Using the social Internet for interviewing is simmilar in concept to AlphaGenius using the social Internet for building investment models. They both share the same distinct set of advantages.
1. The respondents don’t know they are being measured. They know they have voiced an opinion online, but they don’t know you are using it for interviewing/investing. Therefor, the respondents are very genuine in their response as opposed to a contrived interview or survey. It eliminates biases, gaming, pride and shame inherent in interviews and surveys.
2. There is a lot of data. Facebook profiles have much more data than can be gleamed from a resume and an hour interview. Twitter and
blogs have a ton of data for investing.
3. Not a lot of people are doing it. Interviewing and investing differently from the pack both have their advantages.
This is just further proof that data from the social Internet will fundamentally change the way human decision making will evolve. Many areas of expertise that were previously believed to be the sole realm of human can be replaced by rules and computers. The social Internet is providing a new, unique data-set to guide and give advantages in human to human evaluations: job interviewers, psychologists, investors. I am looking forward to a future study that shows certain peoples’ psychological disorders can be better evaluated from their Facebook profile than a psychiatric session.
If you want a headache, read the comments in an article like this. Note that I am not knocking the article, but the bantering of the commenters.
What I believe at this point is that you cannot know the future of the world well enough to predict future earnings of a company past a few months. The researcher Phillip Tetlock performed a seminal twenty-year study in which 284 experts in many fields, from professors to journalists, and with many opinions, from Marxists to free-marketeers, were asked to make 28,000 predictions about the future, finding that they were only slightly more accurate than chance, and worse than basic computer algorithms.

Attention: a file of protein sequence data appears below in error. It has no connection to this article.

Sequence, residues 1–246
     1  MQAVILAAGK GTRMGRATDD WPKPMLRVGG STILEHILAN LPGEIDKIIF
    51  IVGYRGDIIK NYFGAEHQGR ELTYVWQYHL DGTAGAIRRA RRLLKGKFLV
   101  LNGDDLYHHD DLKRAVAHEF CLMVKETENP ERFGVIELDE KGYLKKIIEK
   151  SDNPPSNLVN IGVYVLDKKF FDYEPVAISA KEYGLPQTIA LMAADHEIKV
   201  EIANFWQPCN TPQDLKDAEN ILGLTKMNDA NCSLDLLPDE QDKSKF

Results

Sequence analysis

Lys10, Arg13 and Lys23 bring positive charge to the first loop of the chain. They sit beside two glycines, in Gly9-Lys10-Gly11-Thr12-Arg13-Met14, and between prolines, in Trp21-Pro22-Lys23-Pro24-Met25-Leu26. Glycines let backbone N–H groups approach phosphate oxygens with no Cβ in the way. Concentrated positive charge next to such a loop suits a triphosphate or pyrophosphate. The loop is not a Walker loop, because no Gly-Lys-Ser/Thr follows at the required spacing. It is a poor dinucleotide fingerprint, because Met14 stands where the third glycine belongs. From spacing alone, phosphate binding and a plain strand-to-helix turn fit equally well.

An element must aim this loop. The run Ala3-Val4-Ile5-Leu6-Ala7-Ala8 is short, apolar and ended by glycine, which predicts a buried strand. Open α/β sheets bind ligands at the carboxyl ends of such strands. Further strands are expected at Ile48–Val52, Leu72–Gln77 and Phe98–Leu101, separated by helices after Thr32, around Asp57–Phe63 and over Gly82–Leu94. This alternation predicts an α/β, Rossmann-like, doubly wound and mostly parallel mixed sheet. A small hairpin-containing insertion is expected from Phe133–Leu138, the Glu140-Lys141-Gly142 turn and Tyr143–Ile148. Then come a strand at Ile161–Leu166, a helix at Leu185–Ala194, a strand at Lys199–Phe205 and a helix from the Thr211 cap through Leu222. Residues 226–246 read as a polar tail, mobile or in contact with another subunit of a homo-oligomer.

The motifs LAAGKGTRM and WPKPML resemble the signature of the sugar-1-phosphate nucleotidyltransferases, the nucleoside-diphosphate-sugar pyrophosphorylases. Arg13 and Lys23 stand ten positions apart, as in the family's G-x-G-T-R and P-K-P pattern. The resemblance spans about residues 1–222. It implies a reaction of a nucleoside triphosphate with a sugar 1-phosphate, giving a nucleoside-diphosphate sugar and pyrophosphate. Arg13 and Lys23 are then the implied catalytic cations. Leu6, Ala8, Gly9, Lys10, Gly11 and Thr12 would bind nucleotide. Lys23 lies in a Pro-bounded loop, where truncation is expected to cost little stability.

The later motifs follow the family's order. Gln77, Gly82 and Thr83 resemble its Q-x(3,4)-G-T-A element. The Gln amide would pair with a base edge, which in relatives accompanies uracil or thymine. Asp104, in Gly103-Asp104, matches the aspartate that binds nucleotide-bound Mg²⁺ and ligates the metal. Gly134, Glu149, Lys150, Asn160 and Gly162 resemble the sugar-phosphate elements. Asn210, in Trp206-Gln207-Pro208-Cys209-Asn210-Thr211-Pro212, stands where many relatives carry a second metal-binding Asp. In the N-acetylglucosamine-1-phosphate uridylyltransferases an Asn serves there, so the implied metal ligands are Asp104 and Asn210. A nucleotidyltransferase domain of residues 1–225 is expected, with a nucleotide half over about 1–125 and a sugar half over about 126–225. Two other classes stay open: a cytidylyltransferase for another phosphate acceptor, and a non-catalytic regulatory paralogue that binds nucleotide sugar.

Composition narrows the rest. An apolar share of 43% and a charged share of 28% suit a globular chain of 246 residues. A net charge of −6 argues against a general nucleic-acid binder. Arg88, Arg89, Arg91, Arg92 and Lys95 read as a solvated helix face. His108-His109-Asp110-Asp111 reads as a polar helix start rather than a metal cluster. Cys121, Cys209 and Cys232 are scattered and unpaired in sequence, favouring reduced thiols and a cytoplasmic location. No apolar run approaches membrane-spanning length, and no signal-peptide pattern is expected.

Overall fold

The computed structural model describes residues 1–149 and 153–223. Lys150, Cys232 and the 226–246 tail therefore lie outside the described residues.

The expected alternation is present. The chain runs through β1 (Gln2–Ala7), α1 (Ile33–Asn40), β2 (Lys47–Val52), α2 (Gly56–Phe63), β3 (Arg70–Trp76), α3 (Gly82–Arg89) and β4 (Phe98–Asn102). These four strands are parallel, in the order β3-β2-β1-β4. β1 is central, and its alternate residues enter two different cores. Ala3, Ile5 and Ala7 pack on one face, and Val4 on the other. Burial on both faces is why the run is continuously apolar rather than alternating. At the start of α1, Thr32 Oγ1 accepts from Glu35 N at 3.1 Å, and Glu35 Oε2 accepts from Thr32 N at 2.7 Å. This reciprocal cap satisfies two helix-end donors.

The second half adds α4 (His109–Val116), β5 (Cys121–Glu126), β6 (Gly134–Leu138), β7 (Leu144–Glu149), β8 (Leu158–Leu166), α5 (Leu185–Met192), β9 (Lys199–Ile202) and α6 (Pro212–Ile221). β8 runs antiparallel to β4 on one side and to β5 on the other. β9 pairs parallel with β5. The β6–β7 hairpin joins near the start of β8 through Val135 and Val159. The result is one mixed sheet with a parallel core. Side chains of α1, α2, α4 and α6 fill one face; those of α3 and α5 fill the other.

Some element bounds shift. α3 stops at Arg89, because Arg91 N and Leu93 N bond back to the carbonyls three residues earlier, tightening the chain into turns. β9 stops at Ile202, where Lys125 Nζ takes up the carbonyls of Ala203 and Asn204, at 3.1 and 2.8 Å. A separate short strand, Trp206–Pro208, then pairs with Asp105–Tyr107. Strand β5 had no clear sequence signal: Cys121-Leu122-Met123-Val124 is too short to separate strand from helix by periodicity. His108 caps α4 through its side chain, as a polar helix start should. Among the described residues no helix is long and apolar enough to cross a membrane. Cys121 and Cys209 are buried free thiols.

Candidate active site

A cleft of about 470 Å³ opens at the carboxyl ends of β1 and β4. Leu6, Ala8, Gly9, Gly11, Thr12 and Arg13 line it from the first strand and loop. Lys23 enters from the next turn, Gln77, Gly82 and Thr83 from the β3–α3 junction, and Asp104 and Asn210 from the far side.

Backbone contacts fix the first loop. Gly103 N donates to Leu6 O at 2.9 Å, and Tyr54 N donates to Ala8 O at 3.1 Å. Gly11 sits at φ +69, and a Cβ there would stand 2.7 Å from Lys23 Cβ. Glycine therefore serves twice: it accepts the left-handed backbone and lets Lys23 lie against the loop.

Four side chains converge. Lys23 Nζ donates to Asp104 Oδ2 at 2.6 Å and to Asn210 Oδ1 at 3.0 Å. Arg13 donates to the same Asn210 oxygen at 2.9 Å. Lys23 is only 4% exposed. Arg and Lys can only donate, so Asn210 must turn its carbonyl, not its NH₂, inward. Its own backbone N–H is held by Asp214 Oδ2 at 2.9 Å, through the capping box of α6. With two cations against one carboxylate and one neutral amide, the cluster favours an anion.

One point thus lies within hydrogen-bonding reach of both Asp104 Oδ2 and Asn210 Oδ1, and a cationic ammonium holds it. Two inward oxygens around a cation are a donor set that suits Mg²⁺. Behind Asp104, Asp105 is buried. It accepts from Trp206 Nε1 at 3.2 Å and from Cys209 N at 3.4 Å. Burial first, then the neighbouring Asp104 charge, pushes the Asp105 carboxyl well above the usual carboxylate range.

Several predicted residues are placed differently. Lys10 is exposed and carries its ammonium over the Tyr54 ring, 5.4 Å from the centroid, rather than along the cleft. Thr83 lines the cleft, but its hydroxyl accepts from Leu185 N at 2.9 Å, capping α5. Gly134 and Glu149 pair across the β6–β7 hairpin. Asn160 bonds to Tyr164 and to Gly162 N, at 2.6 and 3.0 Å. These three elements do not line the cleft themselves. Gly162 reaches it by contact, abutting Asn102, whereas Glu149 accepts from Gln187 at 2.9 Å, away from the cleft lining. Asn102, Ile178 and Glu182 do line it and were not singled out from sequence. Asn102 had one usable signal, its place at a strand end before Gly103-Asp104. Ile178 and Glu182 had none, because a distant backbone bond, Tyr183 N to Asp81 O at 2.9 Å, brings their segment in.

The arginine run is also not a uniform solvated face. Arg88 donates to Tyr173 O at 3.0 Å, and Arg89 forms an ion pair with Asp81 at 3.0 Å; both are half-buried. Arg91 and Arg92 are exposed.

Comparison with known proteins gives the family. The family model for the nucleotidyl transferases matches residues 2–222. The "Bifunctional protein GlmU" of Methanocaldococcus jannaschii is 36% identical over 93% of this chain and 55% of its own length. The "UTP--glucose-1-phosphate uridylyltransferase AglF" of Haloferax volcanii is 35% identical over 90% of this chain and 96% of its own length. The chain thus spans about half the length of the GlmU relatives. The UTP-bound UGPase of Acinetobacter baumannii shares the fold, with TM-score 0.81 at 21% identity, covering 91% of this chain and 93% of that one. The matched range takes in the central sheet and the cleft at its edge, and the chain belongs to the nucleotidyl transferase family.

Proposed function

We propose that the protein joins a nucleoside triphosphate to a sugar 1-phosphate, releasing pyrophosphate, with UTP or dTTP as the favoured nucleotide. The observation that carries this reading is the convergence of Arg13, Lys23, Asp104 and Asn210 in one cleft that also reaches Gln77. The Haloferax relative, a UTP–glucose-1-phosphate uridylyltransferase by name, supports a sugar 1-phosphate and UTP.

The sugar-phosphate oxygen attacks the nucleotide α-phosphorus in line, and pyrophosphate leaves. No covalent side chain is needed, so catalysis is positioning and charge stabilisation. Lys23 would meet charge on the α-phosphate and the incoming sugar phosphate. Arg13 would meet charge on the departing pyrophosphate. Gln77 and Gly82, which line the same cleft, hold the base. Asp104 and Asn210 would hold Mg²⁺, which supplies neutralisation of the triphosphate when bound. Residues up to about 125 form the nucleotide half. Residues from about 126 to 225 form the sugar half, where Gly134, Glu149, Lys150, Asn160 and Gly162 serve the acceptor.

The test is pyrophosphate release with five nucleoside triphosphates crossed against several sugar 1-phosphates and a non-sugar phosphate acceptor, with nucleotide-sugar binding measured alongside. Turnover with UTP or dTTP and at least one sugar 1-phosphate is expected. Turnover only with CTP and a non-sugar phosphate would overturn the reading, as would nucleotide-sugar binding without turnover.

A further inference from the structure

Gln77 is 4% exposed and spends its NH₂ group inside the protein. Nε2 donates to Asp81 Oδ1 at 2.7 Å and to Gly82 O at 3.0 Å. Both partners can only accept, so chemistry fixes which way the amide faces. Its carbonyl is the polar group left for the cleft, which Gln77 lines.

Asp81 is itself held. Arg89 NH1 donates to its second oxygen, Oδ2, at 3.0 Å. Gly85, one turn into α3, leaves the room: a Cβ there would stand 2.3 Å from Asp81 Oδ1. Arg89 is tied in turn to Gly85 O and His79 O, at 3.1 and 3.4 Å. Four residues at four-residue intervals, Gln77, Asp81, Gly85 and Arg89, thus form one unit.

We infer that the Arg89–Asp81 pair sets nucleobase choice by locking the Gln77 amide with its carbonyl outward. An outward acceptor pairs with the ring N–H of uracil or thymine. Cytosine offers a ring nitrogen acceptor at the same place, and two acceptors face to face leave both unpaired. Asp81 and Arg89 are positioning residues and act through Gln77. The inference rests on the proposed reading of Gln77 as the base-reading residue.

This is classic Behavioral Economics to have various “logical” commenters vigorously fight over predictions of an unknowable nature. Behavioral Economists would say, they made an instinctive conclusion about the stock/company, then used their logical mind to back-in and justify their instinctive feelings. Humans often confuse intuition for rationality. Humans often feel like they have thought long and hard about a decision when they are really just reinforcing the conclusion they intuitively came to. You will see the same behavior whenever you see two sports fanatics with differing opinions on the same upcoming game. They may as well argue over what the weather will be in 365 days.
Predicting earnings of companies far into the future is a crazy waste of human energy. For further reading, check out what Daniel Kahneman has to say on the subject of flawed intuition: What was I thinking?
I love the Freakonomics book, and I think it is a great introduction to economics. The book really shows how hard numbers can be used to debunk some commonly held biases and heuristics. The author did a nice spot on Yahoo! today to talk about commonly held thoughts about the Superbowl and stocks. If the Giants win it will not be a good year for stocks because they were one of the original NFL teams. The danger when using hard numbers to back-test predictions is that they often lead to spurious relationships. Any time there is a relatively small data set like a yearly event, there will be correlations that are not actually causal. The Freakonomics author does a pretty good explanation in the video, so I will not go into it here. What I will say is that all hope for using statistics is not lost because some relationships turn up spurious. It all comes down to the law of large numbers.